6. Avoiding being a Case Study
Cynical, but true.  In future this incident will be cited as an example of old media just not getting it. Failing to engage, not putting their hands up and admitting to having done anything wrong or even understanding why people were upset… is a mistake, and will be cited as an example of old media being a dinosaur.

So, what do you think about how they’ve handled the situation? Were they right to essentially shut up shop and ignore what was (and still is) going on, or do you agree with me that it’s a pretty major misstep on their part?

Look, Marie Claire is Writing About Bloggers. Exciting, no?

4 Oct

Not so much actually, no. Sorry.

This month’s issue of Marie Claire has an article by Katie Drummond called The Hunger Diaries, about how health bloggers could be ‘putting their readers at risk’.  Ms. Drummond interviewed six of the more popular bloggers and met some of them in person at a blogger event they put on earlier this year, The Healthy Living Summit.

According to one of the bloggers, the piece Drummond contacted her about was going to look into “blog-world culture, particularly how a woman can take a personal blog and turn it into a profitable venture”. Sounds pretty interesting, no? Unfortunately the piece that ended up in the magazine very different indeed. In it she indirectly implies that the six girls could have eating disorders, and she quite directly implies that they could be causing others to have them.

Interesting to note at this point that this issue of Marie Claire features an emaciated Katie Holmes on the cover (EDIT @ 11.37pm: looks like the Holmes edition was last month’s. I was going by what Marie Claire had on their Facebook page, silly me! EDIT#2: it’s actually Victoria Beckham. Oh dear. Oh dear.).  When we’re at it, here’s a couple of other highlights from their web site:

That last one is my personal favorite: you upload a picture of yourself, and it modifies the picture to show you what you’d look like if you lost a few pounds. Or shock horror, if you put a few on. It’s pretty awesome, and I’m sure it’s a very important tool to help women lose weight safely. Right ladies?

So anyhow, Drummond interviews the girls, goes to their event, then writes this pretty savage piece taking a bunch of stuff out of context, fully going to town on them. If you weren’t familiar with their blogs the article would leave you thinking that the bloggers were irresponsible at best.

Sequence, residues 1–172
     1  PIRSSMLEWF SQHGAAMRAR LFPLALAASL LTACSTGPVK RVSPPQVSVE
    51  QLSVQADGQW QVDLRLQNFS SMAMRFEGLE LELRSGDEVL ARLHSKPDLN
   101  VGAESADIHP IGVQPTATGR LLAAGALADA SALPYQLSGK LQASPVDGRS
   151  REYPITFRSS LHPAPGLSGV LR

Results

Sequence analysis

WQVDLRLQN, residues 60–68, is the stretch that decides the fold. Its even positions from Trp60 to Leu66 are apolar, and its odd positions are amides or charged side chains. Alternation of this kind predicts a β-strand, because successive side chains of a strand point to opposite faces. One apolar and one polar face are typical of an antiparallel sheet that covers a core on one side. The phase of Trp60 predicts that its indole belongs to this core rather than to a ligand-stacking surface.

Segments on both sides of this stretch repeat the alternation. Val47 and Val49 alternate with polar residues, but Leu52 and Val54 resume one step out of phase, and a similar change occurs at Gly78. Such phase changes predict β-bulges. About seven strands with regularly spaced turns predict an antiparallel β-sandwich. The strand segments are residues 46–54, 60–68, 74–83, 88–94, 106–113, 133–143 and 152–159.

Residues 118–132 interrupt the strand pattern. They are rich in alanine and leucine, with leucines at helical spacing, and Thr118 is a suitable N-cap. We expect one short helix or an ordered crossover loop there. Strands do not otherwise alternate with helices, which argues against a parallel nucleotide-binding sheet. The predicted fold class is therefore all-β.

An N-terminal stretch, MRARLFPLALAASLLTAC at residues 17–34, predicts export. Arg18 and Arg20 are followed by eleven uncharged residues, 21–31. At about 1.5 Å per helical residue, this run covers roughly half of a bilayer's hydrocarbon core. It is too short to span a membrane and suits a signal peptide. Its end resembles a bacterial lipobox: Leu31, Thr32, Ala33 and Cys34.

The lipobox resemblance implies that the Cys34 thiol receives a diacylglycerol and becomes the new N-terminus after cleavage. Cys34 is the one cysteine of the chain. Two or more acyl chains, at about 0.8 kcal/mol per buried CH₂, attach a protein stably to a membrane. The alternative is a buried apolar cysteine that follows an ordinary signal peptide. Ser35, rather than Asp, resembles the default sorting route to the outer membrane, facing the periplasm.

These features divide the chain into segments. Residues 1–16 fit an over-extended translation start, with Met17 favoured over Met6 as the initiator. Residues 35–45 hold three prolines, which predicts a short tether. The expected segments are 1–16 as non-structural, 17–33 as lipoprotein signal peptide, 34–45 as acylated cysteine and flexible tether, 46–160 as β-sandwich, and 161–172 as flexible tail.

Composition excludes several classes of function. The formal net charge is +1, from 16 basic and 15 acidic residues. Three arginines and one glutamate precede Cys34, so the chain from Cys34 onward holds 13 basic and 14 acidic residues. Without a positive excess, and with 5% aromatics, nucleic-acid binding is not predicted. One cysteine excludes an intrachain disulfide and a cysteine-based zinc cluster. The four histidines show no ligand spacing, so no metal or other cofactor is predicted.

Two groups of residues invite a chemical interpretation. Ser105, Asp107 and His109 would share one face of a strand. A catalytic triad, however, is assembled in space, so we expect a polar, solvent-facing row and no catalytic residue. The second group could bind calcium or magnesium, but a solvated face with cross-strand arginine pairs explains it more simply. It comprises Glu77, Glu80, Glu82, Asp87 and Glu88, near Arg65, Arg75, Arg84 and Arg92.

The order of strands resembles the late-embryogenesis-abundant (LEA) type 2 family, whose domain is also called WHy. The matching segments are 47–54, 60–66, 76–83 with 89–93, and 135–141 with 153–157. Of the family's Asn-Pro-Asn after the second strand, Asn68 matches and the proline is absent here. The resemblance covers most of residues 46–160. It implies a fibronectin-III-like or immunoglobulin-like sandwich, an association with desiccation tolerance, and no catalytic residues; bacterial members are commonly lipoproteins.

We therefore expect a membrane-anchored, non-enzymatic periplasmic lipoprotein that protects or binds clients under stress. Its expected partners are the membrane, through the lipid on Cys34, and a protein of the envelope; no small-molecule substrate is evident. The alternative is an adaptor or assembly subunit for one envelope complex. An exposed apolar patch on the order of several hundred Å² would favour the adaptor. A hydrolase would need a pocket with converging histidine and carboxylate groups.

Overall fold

I personally have no idea whether any of the six have or have ever had an eating disorder.  What I do know is that for an article that was supposedly so rigorously researched (multiple email conversations, some phone conversations and in-person meetings at the summit), there are worryingly few direct quotes from any of the six bloggers in the piece. A total of two, in fact. Instead we get Drummond’s interpretation of selected blog posts and quotes from experts. She could have written that piece without ever talking to any of the six, and there was certainly no need to trash them the way she did.

Unsurprisingly, the story has triggered something of a firestorm. Marie Claire’s Facebook wall has had a constant stream of angry voices on it throughout the day (average of a couple of posts a minute), and Twitter has been no different. The vast majority of the what’s being said has been negative: the community has near unanimously come to the bloggers’ defense.

Bizarrely, both Hearst (the company that publishes Marie Claire) and Drummond have been almost entirely silent. the @MarieClaire handle tweeted what some might consider to be an antagonistic comment this morning, and Drummond has retweeted a single message of support.  Nothing else. Really very bizarre, and something I’m going to address in a separate post.

Drummond herself has said that she used to have an eating disorder, so this is obviously a subject that’s very close to her heart (I do hope she’s made a full recovery). Given the sensitive nature of this story, however, I’m somewhat surprised that she wrote about it without disclosing such an important piece of information. I would imagine it would be pretty hard to be impartial when one has such a personal connection to a subject matter, no?

The saddest part of the whole thing is that Drummond has a perfectly valid point:  there are important issues here that deserve to be discussed (I personally would start with magazines like Marie Clare actually, but that’s another post), but doing it like this is just shitty, period.

Have you read the article? Do you agree with Drummond that bloggers like these are putting women in danger, or is this a simple case of old media attacking new?

EDIT: 11.43pm – two quick disclosures I should have mentioned. 1) Last year I worked with and met Kath,Tina & Meghann at at Blogger event. I don’t know them and we’re not friends. My POV on the issue would be no different if we’d never met. 2) I emailed two people at Hearst to offer my counsel (for free) earlier today. I felt they owe the women and community a response. Still do.